I’ve spent a lot of time recently thinking about my favorite fictional universes – about what science fiction specifically means to me. It might be because the Skywalker saga came to an end, and that was one of the big stories that first captured my imagination when I was no older then 6. There’s Ray Bradbury, the world of Avatar: The Last Airbender and Korra, Alejandro Jodorowsky, to name a few. Amidst those few and far between, one name from recent years continues to find space in my mind, and that is the words and worlds of Matt Kindt.
There is a universality and longevity to his stories. I could have picked Ether up today, or when John Carter of Mars was first written, or in 25 years and still have found a connective tissue to my soul.
This is the final issue of the Boone Diaz stories, a hero whose faults ultimately outweighed his successes. A man more committed to himself than those around him. He was so committed and good at what he did, though, that you rooted for him in all the other ways. Kindt has a way of taking these sorts of male figures that could be toxic and making them sympathetic by giving them layers of humanity that you won’t find in other stories, from Henry Lime in his opus, Mind MGMT, to his community leaders in The Grass Kings, to Diaz himself, and his female characters are a whole other ball game of genius. His characters learn and they grow, and you always take that journey with them. You feel the repercussions of their mistakes and the joy of their victories.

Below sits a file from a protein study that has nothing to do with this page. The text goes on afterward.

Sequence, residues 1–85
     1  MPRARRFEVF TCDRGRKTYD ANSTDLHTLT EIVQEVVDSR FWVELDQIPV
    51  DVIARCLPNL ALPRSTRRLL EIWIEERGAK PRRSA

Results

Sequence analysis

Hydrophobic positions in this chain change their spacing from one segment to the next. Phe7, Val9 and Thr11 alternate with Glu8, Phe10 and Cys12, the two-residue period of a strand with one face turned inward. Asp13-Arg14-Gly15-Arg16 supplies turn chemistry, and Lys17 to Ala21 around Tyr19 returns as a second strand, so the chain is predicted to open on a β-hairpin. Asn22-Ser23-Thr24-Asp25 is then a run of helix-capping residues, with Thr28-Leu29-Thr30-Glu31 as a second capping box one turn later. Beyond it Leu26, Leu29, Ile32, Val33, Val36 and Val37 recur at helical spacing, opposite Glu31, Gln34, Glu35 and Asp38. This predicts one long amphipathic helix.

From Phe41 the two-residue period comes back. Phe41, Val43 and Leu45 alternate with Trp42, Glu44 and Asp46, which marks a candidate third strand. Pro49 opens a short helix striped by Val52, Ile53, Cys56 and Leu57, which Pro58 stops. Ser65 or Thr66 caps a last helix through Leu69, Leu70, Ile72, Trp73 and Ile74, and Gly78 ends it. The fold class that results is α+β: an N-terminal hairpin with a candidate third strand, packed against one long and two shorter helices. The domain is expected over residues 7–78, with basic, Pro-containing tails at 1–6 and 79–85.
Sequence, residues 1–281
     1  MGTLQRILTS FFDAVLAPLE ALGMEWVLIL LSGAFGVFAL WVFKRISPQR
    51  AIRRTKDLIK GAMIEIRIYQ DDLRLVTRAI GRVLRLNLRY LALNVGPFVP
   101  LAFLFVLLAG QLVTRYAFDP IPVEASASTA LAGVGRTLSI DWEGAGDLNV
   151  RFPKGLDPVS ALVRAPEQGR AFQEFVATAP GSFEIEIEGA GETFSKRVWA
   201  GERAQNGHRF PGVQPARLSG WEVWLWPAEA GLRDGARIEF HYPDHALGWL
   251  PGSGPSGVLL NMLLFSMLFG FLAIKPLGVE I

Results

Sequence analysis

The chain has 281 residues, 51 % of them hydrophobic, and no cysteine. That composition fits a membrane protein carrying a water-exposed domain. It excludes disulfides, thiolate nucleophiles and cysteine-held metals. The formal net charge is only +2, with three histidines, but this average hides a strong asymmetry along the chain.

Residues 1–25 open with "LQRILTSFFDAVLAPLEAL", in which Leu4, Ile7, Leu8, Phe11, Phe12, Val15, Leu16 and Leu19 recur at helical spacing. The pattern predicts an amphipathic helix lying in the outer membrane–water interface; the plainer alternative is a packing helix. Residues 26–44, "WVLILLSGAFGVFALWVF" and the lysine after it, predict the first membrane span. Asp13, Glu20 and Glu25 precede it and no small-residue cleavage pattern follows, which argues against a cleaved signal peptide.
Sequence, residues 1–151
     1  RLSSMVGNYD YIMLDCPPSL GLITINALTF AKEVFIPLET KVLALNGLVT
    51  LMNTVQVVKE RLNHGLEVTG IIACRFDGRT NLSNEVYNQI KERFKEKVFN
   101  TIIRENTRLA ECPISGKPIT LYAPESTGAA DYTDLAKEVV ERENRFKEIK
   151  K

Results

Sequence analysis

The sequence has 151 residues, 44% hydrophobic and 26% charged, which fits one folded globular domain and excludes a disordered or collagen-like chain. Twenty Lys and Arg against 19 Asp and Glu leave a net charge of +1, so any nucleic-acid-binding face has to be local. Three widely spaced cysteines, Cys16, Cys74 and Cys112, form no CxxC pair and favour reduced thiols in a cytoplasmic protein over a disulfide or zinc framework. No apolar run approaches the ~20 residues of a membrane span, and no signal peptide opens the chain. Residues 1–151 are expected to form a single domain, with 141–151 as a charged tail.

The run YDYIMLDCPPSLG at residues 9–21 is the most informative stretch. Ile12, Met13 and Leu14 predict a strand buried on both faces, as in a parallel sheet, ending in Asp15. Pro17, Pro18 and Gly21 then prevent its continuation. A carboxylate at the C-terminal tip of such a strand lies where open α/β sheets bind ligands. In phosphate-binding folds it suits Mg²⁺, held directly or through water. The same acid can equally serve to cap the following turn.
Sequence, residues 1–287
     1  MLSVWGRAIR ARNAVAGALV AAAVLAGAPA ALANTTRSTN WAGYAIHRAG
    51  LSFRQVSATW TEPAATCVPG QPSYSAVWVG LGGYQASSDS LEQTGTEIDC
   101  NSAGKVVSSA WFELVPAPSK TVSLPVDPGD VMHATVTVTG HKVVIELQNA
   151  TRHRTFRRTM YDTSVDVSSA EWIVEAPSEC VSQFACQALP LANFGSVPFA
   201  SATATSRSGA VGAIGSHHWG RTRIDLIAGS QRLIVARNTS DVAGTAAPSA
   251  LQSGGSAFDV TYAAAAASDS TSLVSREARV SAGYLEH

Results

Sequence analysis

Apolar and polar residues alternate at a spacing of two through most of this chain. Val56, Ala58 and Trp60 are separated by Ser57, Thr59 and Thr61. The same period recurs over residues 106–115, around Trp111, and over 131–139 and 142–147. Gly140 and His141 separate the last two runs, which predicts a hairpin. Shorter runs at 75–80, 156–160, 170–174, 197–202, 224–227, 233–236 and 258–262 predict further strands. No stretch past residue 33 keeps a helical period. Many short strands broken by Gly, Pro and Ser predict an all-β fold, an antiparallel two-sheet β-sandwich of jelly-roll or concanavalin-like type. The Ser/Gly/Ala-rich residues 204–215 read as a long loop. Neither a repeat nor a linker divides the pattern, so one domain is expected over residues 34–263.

I’ve written a lot about Boone Diaz as a character, and this final issue was about everything I could have asked for.
A large part of this journey was truly successful due to David Rubín’s emotionally soaked imagery. There have been panels in which I would start crying, simply because the emotions on the characters’ faces were so deeply conveyed.
Truly, Ether: the Disappearance of Violet Bell and the two volumes before are an adventure story like few others. If you’ve been following along, this final issue will be a heartfelt, bittersweet treat. If you’ve stumbled upon this review, I implore you to go back and read the collections. What Kindt has done is taken the fairie tale, the allegory, and turned it on its head mixing mythology with the serial adventure to create something truly unique and alive. It’s a fantastical sci-fiction wonderment. Every panel brings a new treat, and every word writes a new depth.
Creative Team: Matt Kindt (writer), David Rubín (artist, letters), Daniel Chabon (editor), Chuck Howitt (assistant editor)
Publisher: Dark Horse Comics
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